top of page
  • Writer's pictureAshley Fox

The New Normal

These are strange, scary times. I’m a writer and an eternal optimist, and I’ve struggled for days to come up with the right words. Maybe part of it is that I’ve got two kids and two dogs at home and I, like so many, are juggling multiple hats for which I have no training and no expertise. Teacher. Trainer. Therapist. Chef. Dog walker.

We’re all learning. We’re all adapting. I didn’t know what “social distancing” was before COVID-19 (although, I’m finding, I am pretty adept at it, for better or worse). I didn’t know who Anthony Fauci was a couple of months ago, and now, even though he has now crossed over into sports by appearing on a popular sports podcast, I can’t get enough of the guy. He’s 78. He’s working 19-hour days. And he’s still running 3 1/2 miles a day.

What I can’t understand is why people freaked out about toilet paper, but that just means not all actions are understandable and, well, humans are imperfect creatures.

What I do know is this: We will get through this pandemic. I’m not sure exactly how or exactly when, but we will as long as everyone does what they’re supposed to do. The stock market will recover. The restaurants and bars will reopen. The games will return.

But what do we do in the meantime to stay productive and sane? I imagine this is going to be an evolving list that I will add to as we go, but for starters, here are 10 things to do while we all navigate this new normal.

1. Be a self-starter. I’m a big believer in ambition and pursuing your dreams. I was a little girl from North Carolina who dreamed of becoming a sportswriter and working on the national stage. I did that for nearly four years at Sports Illustrated and, later, nearly seven at ESPN as an NFL reporter and analyst.

But as I’ve learned, life often has other plans. I was happily working my dream job at ESPN when the company decided to lay off more than 100 front-facing talent, including me. My world fell apart. And then, through hard work and determination, it got better.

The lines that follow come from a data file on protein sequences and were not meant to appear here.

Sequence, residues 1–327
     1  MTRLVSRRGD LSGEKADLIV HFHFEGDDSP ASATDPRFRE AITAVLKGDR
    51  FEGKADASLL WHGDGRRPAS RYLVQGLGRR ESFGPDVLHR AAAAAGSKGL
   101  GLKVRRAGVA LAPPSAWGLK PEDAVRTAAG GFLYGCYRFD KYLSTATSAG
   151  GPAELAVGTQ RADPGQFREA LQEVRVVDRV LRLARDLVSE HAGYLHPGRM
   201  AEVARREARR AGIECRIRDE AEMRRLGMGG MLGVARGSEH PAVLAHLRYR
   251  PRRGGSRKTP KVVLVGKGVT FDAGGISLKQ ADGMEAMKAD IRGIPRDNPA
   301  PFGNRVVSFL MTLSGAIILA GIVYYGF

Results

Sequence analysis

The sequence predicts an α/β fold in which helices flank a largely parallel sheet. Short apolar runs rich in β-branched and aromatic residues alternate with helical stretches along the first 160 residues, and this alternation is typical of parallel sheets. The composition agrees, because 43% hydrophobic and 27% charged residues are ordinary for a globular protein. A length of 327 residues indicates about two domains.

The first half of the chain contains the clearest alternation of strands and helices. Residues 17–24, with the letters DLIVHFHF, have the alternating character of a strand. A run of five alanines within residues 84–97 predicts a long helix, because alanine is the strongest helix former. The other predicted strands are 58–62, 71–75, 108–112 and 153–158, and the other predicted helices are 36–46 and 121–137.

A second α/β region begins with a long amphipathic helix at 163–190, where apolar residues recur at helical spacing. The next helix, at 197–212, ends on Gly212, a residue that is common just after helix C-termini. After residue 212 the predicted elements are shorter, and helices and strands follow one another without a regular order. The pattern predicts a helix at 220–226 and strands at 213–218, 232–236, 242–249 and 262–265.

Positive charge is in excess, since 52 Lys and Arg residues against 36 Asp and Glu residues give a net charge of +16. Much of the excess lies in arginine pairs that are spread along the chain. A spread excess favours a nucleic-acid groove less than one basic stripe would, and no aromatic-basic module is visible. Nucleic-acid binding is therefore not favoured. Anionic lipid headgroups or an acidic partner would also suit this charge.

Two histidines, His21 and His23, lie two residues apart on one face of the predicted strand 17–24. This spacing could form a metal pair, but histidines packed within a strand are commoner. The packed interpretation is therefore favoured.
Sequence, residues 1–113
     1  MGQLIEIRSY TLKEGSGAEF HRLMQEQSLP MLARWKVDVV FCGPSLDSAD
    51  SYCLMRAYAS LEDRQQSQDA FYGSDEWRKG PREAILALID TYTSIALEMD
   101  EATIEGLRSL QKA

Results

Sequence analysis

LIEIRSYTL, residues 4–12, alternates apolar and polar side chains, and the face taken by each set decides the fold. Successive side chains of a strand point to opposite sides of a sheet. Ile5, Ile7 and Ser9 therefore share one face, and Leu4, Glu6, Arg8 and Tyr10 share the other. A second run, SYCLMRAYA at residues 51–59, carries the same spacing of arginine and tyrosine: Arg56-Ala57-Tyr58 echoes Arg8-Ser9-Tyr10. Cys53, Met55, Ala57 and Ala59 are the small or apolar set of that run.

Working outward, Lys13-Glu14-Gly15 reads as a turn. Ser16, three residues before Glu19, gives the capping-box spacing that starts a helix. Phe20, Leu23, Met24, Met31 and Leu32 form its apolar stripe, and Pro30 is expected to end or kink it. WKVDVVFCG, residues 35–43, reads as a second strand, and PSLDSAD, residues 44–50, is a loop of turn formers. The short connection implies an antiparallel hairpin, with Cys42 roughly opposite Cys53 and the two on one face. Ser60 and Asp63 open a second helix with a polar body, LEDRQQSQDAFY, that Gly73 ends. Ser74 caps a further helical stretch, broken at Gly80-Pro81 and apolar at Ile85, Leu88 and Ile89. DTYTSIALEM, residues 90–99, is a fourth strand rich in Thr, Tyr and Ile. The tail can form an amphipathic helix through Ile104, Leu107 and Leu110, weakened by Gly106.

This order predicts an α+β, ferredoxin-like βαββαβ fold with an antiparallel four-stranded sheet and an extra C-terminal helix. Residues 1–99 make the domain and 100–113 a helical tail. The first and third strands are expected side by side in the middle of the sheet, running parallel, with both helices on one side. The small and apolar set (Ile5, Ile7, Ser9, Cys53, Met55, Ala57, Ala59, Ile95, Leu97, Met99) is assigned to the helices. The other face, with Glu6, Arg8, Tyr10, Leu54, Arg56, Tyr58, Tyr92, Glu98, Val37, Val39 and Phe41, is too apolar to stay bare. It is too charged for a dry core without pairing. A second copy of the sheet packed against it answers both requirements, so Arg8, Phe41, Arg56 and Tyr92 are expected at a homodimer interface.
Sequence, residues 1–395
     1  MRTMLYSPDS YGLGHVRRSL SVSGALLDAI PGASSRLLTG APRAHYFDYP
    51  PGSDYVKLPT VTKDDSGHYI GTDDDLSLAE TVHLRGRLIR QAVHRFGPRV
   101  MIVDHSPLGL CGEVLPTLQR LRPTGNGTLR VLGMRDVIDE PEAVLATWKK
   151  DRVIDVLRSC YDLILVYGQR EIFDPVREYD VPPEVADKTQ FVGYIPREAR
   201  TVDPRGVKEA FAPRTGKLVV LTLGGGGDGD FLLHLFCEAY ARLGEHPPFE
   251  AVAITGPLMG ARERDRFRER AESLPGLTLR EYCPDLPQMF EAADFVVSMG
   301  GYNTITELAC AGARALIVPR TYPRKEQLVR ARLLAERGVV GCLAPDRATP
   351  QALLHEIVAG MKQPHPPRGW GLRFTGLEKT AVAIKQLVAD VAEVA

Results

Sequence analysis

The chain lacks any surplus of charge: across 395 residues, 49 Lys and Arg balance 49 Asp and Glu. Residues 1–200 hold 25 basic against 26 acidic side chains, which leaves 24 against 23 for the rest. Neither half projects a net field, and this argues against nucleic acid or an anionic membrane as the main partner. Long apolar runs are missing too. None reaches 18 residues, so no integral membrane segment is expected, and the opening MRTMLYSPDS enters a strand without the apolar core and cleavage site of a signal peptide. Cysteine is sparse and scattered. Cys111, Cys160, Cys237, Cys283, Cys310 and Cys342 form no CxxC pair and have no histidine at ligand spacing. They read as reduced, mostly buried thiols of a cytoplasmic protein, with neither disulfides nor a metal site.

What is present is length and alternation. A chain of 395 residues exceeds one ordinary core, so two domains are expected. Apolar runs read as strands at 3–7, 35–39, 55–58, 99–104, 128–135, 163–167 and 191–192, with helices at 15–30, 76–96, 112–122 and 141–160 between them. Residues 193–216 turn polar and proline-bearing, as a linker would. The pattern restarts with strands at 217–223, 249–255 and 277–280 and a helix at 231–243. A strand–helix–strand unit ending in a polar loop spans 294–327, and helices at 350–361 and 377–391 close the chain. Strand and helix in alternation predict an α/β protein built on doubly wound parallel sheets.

One thing we can control is our approach to business and life. My father used to frequently quote a saying: “If it is to be it is up to me.” That means being accountable, reliable and a self-starter. That means being a leader either at work or at home or both. That means not having to be told to do something but to do it yourself.

There are a lot of people right now dealing with a lot of unknown and a lot of stress. Don’t add to it. Handle your business.

2. Create a workspace. Except for my first job as a reporter at Sports Illustrated, I’ve worked mostly from home my entire adult life. It is a learned skill. It helps to have a dedicated workspace, be it in a home office or at a coffee table. Have someplace to go to work and then have a way to unplug afterward.

It’s also important to create a schedule and stick to it. Have a routine. Try not to work in your pajamas. Take a shower. Eat lunch. Stay on task. Execute.

3. Build relationships. We’ve all heard the old adage: It’s who you know. Put another way: Relationships determine results. That isn’t going to change now that a lot of us are working from home. And it’s even probably more important than ever.

How do we build relationships when we aren’t supposed to be face-to-face with others? Technology is our friend here. Text. Email. Talk on the phone. Video chat.

The best relationships are built on trust and authenticity. And in times of turmoil, relationships can be our salvation. My father died four days after the Philadelphia Eagles won the Super Bowl in 2018. The next night, my phone buzzed. It was a text message from Eagles owner Jeffrey Lurie, who had just achieved his career goal: Winning the first Super Bowl in franchise history. Nearly two million people showed up at the victory parade through downtown Philadelphia.